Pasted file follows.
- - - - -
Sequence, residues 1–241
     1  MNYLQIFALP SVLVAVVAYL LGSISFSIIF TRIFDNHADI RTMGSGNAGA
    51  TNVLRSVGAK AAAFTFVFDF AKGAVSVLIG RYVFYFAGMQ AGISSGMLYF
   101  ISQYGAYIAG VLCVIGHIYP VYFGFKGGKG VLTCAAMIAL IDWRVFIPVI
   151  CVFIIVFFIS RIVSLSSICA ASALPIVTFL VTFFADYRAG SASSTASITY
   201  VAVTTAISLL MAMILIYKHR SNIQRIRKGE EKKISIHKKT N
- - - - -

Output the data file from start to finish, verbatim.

Sequence, residues 1–241
     1  MNYLQIFALP SVLVAVVAYL LGSISFSIIF TRIFDNHADI RTMGSGNAGA
    51  TNVLRSVGAK AAAFTFVFDF AKGAVSVLIG RYVFYFAGMQ AGISSGMLYF
   101  ISQYGAYIAG VLCVIGHIYP VYFGFKGGKG VLTCAAMIAL IDWRVFIPVI
   151  CVFIIVFFIS RIVSLSSICA ASALPIVTFL VTFFADYRAG SASSTASITY
   201  VAVTTAISLL MAMILIYKHR SNIQRIRKGE EKKISIHKKT N